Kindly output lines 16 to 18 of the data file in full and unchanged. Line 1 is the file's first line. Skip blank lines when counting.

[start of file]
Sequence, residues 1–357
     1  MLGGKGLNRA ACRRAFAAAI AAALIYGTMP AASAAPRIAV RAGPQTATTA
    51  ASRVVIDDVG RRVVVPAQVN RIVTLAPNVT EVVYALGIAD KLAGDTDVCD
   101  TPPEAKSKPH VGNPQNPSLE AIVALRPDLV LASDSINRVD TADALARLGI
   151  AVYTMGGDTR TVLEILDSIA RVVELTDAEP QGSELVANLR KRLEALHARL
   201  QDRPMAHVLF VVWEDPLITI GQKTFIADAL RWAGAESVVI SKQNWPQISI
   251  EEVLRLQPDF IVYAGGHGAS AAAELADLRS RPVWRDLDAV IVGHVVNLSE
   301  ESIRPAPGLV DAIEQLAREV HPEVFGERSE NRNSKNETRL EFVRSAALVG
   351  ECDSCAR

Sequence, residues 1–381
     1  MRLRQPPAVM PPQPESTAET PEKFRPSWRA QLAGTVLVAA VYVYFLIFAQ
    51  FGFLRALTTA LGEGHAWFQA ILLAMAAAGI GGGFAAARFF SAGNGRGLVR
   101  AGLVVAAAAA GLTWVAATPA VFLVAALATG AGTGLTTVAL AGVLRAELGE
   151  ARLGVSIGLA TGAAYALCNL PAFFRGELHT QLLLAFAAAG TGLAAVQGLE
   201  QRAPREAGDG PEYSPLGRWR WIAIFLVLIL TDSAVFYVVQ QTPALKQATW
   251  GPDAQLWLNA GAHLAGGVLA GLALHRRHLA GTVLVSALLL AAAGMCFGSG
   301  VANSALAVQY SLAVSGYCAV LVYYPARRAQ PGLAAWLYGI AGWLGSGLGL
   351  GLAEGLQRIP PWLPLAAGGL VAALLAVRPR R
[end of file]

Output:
   251  GPDAQLWLNA GAHLAGGVLA GLALHRRHLA GTVLVSALLL AAAGMCFGSG
   301  VANSALAVQY SLAVSGYCAV LVYYPARRAQ PGLAAWLYGI AGWLGSGLGL
   351  GLAEGLQRIP PWLPLAAGGL VAALLAVRPR R